Most garden wildlife is busy in April. Many bumblebees and birds will be establishing nests and plenty of other species, such as moths, leaf miners and other insects, are already breeding. Hedgehogs, which typically emerge from hibernation in March, will be fattening up to be in good condition for breeding in May. Most frogs and toads will have left ponds after breeding, in search of damp shelter such as beneath a log or brick pile.
More on wildlife gardening:
Browse our list of wildlife gardening jobs for April, below.
Leave caterpillars for birds
Avoid removing caterpillars from plants if you can – these are an essential food source for nesting birds such as blue tits and great tits, which feed caterpillars to their young. Also, don’t forget to keep bird feeders topped up this month.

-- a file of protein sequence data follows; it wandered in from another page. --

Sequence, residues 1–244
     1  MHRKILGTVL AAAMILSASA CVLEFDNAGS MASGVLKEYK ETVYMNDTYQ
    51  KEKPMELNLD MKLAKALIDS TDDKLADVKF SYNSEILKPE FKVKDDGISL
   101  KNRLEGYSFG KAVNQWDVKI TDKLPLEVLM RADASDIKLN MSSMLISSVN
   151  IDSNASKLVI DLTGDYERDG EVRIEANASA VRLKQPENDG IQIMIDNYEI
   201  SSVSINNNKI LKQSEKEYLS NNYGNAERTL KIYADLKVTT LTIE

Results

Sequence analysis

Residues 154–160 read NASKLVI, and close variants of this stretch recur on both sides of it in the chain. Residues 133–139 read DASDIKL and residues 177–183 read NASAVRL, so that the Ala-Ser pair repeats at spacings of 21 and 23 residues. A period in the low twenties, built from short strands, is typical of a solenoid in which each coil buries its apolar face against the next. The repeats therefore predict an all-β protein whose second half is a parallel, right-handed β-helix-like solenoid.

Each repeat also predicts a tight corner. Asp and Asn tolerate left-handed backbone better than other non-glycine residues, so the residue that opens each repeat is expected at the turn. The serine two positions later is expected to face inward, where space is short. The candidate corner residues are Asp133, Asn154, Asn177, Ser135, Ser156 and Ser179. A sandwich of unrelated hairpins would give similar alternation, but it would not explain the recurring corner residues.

Empty your compost bin
Empty your compost bin now, as any wildlife that may have been hibernating should have emerged, now. However, check the bin carefully before emptying and avoid plunging your fork into the heap in case any frogs or hedgehogs are sheltering there.
Sow cornfield annuals
Fill gaps in borders by scattering seeds of cornfield annuals such as field poppy, corn cockle and cornflower. These will flower quickly for an instant hit of colour, while increasing the availability of pollen and nectar for pollinators.
Continue to leave out water and meat-based dog or cat food (ideally chicken flavour) for hedgehogs. Kitten biscuits are also perfect for hedgehogs. This will help them fatten up to be in peak condition for breeding next month.
Make a bee hotel
Make a bee hotel for solitary bees such as mason bees. Solitary bees lay individual eggs in cells made in wood cavities and old, hollow plant stems.